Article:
NBA Player Prop Bets, Picks: 3 Angles for Thursday, Including Jimmy Butler & Damian Lillard (May 27)
Garrett Ellwood/NBAE via Getty Images. Pictured: Portland Trail Blazers star Damian Lillard, left, looks on with his teammates.
- There are three NBA playoff games on the docket on Thursday night, starting with the Bucks vs. Heat.
- Brandon Anderson has been delivering his player props all season, and his first two picks come from that game before a Damian Lillard number in the late slate.
- Anderson breaks down his three picks, which are full of stars, for the latest bit of playoff action.
The NBA Playoffs series shift to the underdog teams Thursday, at least by seeding. That’s because the schedule brings a trio of Game 3 showdowns, with the hosts teams returning home for the first time to play in front of energized crowds that have been waiting for this moment for two (or more) years.
With so much on the line, we’re playing props featuring three All-Stars.
For those who are new to this article, we’ll be using the Action Labs Player Prop tool to compare our NBA projections to the props posted at a variety of sportsbooks. Each bet is then graded on a scale from 1-10, with 10 being the best possible grade.
Below, I have laid out three prop bets that I’m playing, the case for each bet and the best books to find odds on those player props.
NBA Player Props & Picks
Khris Middleton — Over 5.5 Rebounds (+130)
|Bucks vs. Heat||Bucks -1.5|
|Time | TV||7:30 p.m. ET | TNT|
Sometimes, everything changes in the playoffs. Other times, things stay the same. This is, hopefully, a case of the latter.
The books have underrated Khris Middleton’s rebounding all season. We just keep on playing Middleton rebounding overs and profiting. Middleton has averaged at least 6.0 rebounds per game three consecutive seasons with the Bucks, and he’s done that in only 31.5 minutes per game over that stretch. That’s one rebound every 5.2 minutes on the court, a steady production rate.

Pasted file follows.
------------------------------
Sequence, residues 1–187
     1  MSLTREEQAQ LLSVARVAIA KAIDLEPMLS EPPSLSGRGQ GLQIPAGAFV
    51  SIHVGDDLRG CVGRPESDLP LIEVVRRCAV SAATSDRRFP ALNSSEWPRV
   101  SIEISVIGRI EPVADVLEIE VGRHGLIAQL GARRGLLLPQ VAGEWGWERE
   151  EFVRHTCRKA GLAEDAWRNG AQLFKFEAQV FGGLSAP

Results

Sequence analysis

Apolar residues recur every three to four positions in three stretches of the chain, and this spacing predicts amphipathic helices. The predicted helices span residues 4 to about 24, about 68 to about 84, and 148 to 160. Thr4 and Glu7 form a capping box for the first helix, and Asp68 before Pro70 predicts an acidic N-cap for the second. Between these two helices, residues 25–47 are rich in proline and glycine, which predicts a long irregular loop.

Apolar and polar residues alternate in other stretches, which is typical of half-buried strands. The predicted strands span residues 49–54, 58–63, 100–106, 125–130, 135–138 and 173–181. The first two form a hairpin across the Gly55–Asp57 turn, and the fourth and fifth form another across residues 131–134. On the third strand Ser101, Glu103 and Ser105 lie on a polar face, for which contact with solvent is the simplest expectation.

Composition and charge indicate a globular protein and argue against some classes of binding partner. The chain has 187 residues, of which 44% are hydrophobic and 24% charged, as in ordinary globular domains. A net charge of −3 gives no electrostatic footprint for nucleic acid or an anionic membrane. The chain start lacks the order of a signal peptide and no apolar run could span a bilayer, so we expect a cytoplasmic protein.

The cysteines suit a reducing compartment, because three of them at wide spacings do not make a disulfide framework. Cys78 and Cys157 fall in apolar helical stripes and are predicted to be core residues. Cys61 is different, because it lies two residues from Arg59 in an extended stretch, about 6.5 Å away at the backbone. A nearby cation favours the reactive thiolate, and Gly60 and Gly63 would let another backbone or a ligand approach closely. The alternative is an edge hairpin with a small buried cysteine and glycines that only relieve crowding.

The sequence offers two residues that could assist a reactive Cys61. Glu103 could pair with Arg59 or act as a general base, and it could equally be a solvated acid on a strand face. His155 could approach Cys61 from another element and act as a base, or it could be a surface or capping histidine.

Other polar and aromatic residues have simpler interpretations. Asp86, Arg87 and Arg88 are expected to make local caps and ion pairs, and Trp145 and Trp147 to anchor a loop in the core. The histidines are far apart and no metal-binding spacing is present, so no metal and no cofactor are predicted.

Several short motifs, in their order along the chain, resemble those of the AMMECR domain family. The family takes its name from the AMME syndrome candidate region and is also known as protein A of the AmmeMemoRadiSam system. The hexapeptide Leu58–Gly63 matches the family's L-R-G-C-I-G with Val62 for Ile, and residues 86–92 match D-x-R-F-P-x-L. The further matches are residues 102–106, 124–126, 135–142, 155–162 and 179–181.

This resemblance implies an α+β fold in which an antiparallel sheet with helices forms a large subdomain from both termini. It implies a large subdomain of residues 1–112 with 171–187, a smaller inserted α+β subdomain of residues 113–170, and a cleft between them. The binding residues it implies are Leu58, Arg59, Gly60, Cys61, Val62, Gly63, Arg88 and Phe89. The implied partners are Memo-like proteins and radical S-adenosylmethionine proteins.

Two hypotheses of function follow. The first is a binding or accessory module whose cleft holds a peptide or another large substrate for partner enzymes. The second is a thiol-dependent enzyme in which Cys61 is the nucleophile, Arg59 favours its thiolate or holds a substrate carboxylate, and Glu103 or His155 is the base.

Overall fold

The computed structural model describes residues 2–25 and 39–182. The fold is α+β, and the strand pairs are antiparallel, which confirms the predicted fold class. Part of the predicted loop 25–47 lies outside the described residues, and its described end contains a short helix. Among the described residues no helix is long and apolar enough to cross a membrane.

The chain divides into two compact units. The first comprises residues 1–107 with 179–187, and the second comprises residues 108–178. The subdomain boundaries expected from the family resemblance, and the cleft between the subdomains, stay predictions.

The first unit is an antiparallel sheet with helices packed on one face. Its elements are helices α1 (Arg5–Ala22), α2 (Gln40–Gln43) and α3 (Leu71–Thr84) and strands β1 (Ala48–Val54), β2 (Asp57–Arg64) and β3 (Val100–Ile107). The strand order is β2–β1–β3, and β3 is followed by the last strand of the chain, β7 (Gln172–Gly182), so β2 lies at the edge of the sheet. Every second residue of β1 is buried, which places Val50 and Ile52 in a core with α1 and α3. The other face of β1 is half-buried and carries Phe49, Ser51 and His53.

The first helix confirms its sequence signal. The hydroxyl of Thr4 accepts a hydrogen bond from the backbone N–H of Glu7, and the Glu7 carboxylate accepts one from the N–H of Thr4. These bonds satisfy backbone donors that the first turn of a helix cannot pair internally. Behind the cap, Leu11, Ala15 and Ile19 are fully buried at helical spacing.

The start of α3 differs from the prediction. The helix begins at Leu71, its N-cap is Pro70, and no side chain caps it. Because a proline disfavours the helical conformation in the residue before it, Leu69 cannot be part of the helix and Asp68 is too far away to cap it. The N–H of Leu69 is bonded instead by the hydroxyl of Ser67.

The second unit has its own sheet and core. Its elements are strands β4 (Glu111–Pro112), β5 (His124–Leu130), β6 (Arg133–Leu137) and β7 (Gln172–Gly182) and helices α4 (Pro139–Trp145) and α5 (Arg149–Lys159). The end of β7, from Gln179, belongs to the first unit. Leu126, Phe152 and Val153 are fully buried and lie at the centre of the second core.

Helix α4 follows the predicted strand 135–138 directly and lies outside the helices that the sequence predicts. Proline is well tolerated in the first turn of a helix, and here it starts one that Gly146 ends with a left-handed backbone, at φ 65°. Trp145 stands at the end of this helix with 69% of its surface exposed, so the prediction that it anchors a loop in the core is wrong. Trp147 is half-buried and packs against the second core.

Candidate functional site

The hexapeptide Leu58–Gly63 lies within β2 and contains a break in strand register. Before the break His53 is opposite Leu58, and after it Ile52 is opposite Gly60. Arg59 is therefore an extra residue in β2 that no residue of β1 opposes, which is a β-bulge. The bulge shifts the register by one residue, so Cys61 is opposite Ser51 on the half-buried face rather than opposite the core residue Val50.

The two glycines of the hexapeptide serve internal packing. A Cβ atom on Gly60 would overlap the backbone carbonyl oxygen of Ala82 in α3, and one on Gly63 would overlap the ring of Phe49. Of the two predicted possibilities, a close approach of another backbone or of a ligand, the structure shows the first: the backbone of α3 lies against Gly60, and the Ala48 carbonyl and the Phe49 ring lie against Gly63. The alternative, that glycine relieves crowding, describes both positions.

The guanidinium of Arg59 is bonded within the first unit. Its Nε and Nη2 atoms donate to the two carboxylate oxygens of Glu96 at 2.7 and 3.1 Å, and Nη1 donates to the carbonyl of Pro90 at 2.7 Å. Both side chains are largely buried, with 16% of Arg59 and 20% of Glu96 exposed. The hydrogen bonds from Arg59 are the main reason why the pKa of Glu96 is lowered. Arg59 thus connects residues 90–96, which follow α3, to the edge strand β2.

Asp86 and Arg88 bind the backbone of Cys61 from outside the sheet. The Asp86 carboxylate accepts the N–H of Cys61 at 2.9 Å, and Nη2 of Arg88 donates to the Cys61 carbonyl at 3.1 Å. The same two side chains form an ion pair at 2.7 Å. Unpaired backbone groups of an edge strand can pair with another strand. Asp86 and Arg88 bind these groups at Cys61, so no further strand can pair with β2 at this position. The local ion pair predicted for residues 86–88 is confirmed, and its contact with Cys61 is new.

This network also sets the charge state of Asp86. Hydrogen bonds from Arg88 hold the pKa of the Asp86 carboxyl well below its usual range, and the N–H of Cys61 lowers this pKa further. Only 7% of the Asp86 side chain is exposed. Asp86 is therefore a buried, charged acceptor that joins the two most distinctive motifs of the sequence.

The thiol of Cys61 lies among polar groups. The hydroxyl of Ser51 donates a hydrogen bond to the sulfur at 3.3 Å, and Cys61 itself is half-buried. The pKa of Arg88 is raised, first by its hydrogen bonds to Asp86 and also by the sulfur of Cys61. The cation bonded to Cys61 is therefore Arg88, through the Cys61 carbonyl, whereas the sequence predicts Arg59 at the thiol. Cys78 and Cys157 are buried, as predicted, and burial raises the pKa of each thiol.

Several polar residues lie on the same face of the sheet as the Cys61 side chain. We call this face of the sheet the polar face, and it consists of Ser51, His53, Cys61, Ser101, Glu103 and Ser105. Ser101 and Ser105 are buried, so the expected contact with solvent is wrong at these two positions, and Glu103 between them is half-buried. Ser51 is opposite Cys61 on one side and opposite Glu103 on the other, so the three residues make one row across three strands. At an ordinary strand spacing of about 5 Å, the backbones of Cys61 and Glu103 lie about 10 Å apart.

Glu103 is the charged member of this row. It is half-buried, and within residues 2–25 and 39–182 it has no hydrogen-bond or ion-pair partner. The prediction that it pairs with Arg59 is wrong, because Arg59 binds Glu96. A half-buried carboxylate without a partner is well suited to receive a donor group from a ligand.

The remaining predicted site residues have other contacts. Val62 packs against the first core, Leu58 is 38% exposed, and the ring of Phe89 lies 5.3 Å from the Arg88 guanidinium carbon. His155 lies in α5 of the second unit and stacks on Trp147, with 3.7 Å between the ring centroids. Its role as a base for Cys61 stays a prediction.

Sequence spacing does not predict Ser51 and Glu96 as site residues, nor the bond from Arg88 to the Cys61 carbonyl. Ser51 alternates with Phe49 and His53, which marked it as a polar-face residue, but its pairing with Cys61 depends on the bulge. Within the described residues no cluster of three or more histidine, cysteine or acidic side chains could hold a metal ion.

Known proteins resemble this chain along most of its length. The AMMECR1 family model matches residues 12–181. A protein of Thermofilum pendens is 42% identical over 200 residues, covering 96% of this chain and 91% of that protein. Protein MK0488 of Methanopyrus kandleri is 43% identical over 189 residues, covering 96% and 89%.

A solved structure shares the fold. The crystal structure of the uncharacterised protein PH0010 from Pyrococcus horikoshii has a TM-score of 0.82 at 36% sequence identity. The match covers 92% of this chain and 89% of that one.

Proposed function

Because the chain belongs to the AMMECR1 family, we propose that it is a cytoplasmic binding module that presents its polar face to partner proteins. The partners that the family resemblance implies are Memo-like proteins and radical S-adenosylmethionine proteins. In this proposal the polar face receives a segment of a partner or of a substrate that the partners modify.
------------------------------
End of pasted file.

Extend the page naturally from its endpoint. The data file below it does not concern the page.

And remember, that’s in only 31.5 minutes. The Bucks will play Middleton much more in the playoffs, at least when they’re not raining actual fire on the opponent and hitting a million 3s in the first half like they did in Game 2.
In Game 1, Middleton played almost 45 minutes (with the help of an overtime) and got to six rebounds. If Game 3 is close, it would be pretty reasonable to expect him to play 38 to 40 minutes again, especially after a pretty easy Game 2 effort.
This season, Middleton went over 5.5 rebounds in exactly half of his regular season games, hitting the over 34 of 68 times. That already puts this in our favor when this bet is at plus juice.
But dig a little deeper and it’s even better. Middleton played under 32 minutes in 18 of those games, and since rebounding is a volume game as much as anything else, he was over 5.5 rebounds in only five of them. Fair enough, but we are surely expecting a heavier minutes load in a playoff game.
Take those games out and now Middleton is over 5.5 rebounds in 29 of 50 games, hitting our over 58% of the time.
At one rebound per 5.2 minutes, Middleton only needs to play 29 minutes for this bet to tilt in our favor. If this game is close and Middleton plays enough, he could easily project closer to seven or eight rebounds.
This is one of those bets with varying lines, and that’s enough margin in our favor that I’m playing the more aggressive one. I’ll play the over-5.5 at +130 odds and down to +110, and then if it drops further than that, I’ll pivot to over-4.5 over at FanDuel.
Jimmy Butler — Under 0.5 3-Pointers (+175)
|Bucks vs. Heat||Bucks -1.5|
|Time | TV||7:30 p.m. ET | TNT|
Folks, today we are blessed. We get to bet against a guy who hates shooting the basketball. Well, shooting the basketball from beyond the arc.